The Russian gas company Gazprom is at the center of the conflict in Ukraine

As Russia invades Ukraine, the whole world watches with limited support offered to Ukraine and its people at this difficult time. The main leverage factor for Russia in its attempts to go against NATO and the EU is the hegemony it holds in oil and gas supply, especially among the EU majors like Germany, Italy, France and Poland.


A company called Gazprom is the proud face of Russia when it comes to gas production. It is the largest gas producer in the world and a public group headquartered at the Lakhta center in Saint Petersburg, Russia.

In 2019, with sales of over US$120 billion, Gazprom was the world’s largest listed natural gas company and Russia’s largest company by revenue. In the 2020 Forbes Global 2000, Gazprom was ranked the 32nd largest state-owned company in the world.


In the current context, Gazprom is the leader when it comes to supporting and promoting Putin’s interests in the EU and elsewhere.

Gazprom plays a vital role in defending actions against Russia’s unforgivable offensives. You could even say that Russia planned its invasion of Ukraine meticulously, with the help of Gazprom.

In the months leading up to the current Ukrainian invasion, Gazprom decided to limit its supplies to EU countries, leading to soaring oil and gas prices resulting in record profits.

Now, with crude oil and gas prices at a 7-year high, that certainly puts Russia in a very comfortable position, both militarily and financially, to continue its excesses inside Ukraine and be less bothered by external pressures or threats of sanctions.


Two days before the Russian invasion, in an attempt to put pressure on Russia, Germany decided to suspend the certification of the Nord Stream 2 (ns2) gas pipeline belonging to Gazprom. Nord Stream is an offshore gas pipeline system in Europe, passing under the Baltic Sea from Russia to Germany.

The Nord Stream 2 is a new gas export pipeline linking Russia to Europe across the Baltic Sea. The decision to build Nord Steam 2 was based on the successful experience in building and operating the Nord Stream gas pipeline.


The new pipeline, similar to the one in service, will establish a direct link between Gazprom and European consumers. It will also ensure a highly reliable supply of Russian gas to Europe. This is particularly important now that Europe is experiencing a decline in domestic gas production and an increase in demand for imported gas.

While sources in Germany say the suspension of Nord Stream 2 approval had more to do with legal reasons surrounding the project, it hasn’t changed Russia’s position since it decided to invade. Ukraine.

The key question is whether EU countries have the power within themselves to impose sanctions on Gazprom that will directly affect Russia’s fortunes or whether countries will continue to depend on Gazprom for their energy needs.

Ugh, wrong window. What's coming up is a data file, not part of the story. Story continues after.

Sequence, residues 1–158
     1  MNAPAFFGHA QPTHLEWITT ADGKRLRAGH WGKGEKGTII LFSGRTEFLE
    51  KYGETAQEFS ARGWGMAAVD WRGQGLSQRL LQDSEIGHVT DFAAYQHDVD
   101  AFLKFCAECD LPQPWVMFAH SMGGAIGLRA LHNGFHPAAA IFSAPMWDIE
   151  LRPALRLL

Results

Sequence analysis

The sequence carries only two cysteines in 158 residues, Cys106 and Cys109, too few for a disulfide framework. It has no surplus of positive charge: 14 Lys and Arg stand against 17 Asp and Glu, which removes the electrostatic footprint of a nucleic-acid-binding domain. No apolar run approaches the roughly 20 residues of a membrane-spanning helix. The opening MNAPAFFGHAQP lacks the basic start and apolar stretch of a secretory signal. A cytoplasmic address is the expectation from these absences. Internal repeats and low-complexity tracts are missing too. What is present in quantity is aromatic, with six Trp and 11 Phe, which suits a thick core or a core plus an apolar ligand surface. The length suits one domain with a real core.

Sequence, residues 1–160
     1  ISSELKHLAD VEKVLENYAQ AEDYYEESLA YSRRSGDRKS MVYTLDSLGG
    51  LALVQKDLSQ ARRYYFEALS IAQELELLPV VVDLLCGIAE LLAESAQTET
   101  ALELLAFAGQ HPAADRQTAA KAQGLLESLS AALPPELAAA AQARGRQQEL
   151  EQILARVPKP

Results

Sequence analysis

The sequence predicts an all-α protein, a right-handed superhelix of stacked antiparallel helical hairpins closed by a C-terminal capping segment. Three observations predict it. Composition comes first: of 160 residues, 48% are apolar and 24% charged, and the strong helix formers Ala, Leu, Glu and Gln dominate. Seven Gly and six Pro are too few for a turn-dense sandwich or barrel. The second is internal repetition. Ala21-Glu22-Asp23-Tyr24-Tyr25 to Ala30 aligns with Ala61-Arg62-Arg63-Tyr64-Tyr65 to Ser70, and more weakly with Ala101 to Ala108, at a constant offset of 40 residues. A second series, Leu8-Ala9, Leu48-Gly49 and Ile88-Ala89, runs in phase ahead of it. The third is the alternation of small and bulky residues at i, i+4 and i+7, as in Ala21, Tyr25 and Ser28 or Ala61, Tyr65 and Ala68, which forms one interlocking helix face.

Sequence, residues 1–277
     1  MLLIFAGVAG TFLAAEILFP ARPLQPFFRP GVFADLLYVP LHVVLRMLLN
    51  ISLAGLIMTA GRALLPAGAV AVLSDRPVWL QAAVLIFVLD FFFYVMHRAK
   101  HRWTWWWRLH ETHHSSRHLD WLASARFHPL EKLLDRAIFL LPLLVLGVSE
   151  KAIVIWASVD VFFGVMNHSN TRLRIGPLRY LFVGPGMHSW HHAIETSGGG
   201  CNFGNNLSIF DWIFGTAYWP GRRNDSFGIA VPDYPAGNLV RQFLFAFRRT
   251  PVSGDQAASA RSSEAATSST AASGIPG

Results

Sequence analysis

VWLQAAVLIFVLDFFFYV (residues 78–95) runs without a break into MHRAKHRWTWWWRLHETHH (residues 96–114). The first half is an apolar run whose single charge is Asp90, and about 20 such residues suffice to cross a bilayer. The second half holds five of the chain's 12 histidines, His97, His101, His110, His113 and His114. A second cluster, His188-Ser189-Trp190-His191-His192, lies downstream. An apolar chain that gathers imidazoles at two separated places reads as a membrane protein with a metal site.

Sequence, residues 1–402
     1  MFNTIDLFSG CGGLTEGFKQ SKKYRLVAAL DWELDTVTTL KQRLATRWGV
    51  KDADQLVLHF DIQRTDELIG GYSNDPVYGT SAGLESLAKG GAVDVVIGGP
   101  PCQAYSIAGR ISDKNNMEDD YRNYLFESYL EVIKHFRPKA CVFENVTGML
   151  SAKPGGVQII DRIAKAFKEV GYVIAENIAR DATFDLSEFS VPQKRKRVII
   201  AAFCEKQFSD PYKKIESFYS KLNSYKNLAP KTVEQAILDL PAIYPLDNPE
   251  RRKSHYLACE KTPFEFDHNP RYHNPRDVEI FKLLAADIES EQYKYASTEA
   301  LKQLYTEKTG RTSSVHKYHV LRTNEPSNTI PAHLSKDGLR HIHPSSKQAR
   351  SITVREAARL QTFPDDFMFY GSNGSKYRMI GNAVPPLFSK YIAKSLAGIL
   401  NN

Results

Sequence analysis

It is important to note that outside the EU countries, the next big consumer of Gazprom is China. Will the EU start investing in terminals outside of Russia or will it start importing from elsewhere to counter the power of Gazprom?

This is indeed what the director general of the Ukrainian national gas company, Yuriy Vitrenko, suggested in his interview with POLITICO. “It is high time the EU stopped dithering from a long-overdue legal confrontation with Moscow’s gas export monopoly and diverted its energy investments away from Russia.”

A statistic to note is that in 2010 EU gas imports from Russia were only 26%. It is now close to 43%. Europe’s dependence on Russian gas is increasing year by year. Mr Vitrenko is calling for Gazprom to be penalized for antitrust abuses over its illegal and anti-competitive activities to help raise gas prices in the market.

The European Commission probed the same thing, without any real action on the ground.


While discussions of Gazprom’s antitrust issues and support for the Russian establishment weren’t enough in diplomatic circles, Gazprom’s global image also took a hit thanks to the removal of its logo from football shirts. of German Bundesliga 2 club team FC Schalke 04. .

The team was a successful part of the German top division until recently, having also featured in the UEFA Champions League in the 2018-19 season before being relegated to the second tier of the football league in Germany. Gazprom has sponsored the team since 2007.

“Following recent developments, FC Schalke 04 has decided to remove the logo of main sponsor GAZPROM from the club’s shirts,” the club said.

Gazprom is also sponsoring the UEFA Champions League event as part of eight global sponsors. The company also currently holds sponsorship rights for the men’s Euro 2024 competition, as well as the 2023 UEFA Nations League Final.

UEFA have issued a statement condemning Russia’s actions in the invasion of Ukraine and will meet to discuss Ukraine and the venue for the 2022 Champions League final, which was due to take place. May 28 in Saint Petersburg, Russia.

(The author is an Open-Source Intelligence analyst based in Singapore)

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